Are There Different HPV Vaccines?

Paul A. Offit, MD, talks about the human papillomavirus (HPV) vaccine. He also describes the different strains it contains and which ones protect against genital warts and cancers caused by HPV.


Are there different HPV vaccines?

Paul Offit, MD: Hi, my name is Paul Offit. I'm talking to you today from the Vaccine Education Center, here at the Children's Hospital of Philadelphia.

One question that parents ask our center is, “How many different types of HPV vaccine are there?” Now, HPV stands for human papillomavirus; that’s a virus that can cause cancer of the head and neck and anal and genital region. We see about 30,000 cancers a year caused by that virus. We see 5,000 deaths a year caused by that virus. The answer to the question “How many different types of HPV vaccine are there?” is one. There is actually only one type of HPV vaccine. It’s a vaccine that contains nine different strains in there, or at least nine different components that can protect against HPV. Now, two of those strains, so-called 6 and 11, will protect against 100% of what causes anal and genital warts. The other seven strains protect against a variety of cancers — cervical cancers, head and neck cancers, anal and genital cancers. Now, HPV does not cause 100%, for example, of throat cancers, but it does cause 100% of cervical cancer. So the vaccine, the HPV vaccine — those other seven serotypes — will protect against really about 90% of the strains that cause cervical cancer. And then variably, depending on the other cancers, it will protect against a certain percentage of the causes of those other cancers.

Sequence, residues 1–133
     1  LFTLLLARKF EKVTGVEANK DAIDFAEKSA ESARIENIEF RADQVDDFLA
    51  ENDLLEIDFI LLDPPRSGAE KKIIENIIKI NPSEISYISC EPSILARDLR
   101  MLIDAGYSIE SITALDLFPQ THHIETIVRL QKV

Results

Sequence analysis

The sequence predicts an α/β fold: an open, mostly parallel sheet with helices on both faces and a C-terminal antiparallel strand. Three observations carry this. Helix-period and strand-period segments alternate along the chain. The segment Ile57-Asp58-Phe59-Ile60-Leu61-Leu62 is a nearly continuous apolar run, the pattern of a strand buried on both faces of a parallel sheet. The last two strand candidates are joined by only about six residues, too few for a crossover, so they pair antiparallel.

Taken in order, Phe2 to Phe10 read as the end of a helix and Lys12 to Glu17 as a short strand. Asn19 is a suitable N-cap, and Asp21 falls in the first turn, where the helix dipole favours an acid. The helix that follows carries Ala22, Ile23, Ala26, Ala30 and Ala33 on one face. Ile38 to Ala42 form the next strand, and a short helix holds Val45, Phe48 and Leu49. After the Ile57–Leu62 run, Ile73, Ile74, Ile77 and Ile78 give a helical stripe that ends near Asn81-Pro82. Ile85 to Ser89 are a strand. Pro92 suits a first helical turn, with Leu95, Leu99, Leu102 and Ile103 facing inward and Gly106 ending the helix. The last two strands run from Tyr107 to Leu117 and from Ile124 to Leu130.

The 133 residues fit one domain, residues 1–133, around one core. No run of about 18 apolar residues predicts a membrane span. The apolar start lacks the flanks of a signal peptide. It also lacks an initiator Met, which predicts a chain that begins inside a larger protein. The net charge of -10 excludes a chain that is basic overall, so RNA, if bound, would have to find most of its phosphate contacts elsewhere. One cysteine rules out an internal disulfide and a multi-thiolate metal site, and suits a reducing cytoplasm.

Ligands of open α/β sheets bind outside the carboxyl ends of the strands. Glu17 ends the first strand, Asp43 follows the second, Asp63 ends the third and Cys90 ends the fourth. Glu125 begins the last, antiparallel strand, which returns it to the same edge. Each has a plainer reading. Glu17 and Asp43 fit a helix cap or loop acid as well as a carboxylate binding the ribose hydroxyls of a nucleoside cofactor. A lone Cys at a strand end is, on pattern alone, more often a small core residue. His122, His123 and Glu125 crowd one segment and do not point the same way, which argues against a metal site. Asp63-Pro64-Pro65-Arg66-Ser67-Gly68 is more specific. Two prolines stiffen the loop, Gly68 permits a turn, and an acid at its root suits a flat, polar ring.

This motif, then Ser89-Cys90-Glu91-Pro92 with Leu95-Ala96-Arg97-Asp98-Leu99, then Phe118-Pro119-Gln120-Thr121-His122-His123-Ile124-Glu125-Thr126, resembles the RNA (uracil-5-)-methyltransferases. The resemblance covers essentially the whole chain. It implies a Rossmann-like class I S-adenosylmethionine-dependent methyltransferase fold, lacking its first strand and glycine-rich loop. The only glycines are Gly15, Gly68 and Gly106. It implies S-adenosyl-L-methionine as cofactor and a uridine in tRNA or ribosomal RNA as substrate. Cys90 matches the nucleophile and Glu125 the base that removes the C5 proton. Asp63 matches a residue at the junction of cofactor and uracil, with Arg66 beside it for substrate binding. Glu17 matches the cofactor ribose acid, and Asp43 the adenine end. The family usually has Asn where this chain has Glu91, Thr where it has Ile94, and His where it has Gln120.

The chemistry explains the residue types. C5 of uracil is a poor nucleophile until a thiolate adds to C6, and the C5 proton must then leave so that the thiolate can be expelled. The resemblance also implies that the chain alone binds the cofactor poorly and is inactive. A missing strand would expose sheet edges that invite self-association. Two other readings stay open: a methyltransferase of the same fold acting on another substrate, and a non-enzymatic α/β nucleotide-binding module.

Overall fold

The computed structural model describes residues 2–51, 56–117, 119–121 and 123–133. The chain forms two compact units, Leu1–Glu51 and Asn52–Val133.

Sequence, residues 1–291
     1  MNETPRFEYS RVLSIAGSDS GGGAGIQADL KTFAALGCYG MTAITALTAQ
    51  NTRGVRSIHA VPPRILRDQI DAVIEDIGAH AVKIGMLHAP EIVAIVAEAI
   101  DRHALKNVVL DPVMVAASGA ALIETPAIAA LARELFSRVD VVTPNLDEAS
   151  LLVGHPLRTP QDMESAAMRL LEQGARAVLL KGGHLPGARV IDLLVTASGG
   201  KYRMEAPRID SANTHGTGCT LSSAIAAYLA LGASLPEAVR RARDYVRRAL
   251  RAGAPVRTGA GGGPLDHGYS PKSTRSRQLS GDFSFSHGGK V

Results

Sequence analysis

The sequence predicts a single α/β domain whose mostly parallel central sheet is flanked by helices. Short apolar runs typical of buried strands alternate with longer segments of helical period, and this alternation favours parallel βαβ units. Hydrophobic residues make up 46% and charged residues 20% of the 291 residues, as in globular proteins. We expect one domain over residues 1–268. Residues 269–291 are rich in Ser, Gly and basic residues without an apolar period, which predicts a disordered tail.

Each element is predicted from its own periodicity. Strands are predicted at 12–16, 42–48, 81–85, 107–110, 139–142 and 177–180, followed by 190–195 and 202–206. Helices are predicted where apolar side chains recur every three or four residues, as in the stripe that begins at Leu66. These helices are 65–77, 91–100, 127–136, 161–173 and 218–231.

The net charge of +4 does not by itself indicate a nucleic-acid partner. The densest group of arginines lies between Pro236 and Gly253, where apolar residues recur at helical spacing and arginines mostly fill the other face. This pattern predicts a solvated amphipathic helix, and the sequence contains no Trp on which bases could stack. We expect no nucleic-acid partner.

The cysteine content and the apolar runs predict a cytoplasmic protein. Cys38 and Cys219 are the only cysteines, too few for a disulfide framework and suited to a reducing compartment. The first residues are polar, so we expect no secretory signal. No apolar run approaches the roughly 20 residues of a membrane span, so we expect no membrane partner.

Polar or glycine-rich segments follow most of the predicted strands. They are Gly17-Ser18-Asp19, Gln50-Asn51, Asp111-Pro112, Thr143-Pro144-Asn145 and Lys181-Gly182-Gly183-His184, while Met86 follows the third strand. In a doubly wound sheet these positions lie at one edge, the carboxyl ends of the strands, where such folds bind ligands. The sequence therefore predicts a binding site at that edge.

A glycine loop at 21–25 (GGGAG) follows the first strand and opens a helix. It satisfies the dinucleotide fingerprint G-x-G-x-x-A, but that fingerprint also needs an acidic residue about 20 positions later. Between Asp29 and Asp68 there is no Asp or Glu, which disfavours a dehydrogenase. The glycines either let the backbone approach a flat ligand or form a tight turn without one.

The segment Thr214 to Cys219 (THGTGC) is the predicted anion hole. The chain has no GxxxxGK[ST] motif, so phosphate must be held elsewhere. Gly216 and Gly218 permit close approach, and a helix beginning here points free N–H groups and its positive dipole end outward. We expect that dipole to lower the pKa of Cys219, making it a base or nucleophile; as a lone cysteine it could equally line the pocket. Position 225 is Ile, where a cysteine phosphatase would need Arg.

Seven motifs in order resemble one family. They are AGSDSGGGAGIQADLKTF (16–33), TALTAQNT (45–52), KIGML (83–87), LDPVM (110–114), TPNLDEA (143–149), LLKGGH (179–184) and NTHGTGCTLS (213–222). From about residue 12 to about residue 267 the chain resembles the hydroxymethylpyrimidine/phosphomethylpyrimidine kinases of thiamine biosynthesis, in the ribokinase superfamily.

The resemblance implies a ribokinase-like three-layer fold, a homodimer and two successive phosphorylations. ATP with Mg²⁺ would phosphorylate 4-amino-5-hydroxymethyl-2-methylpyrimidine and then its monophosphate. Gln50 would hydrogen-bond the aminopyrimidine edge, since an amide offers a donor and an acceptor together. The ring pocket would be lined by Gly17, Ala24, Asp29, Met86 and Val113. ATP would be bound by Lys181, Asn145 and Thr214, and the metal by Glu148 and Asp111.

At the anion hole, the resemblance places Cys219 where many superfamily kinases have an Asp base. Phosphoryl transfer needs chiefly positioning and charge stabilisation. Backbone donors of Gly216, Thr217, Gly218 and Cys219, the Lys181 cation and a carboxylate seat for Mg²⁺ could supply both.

So, it’s a vaccine that is of value. It’s highly effective. It’s safe. It’s probably the most studied vaccine formally post-licensure; it’s been studied formally in more than a million people post-licensure, and the only safety concern that is associated with that vaccine is that it is occasionally a cause of fainting, which is why you’re asked to sort of stay in the doctor’s office for a few minutes after you’ve gotten the vaccine.

So, it’s a safe and effective vaccine; it’s a cancer-preventing vaccine; and it’s an important vaccine to get.

Thank you.

Related Centers and Programs: Vaccine Education Center

Last Reviewed on Jan 20, 2020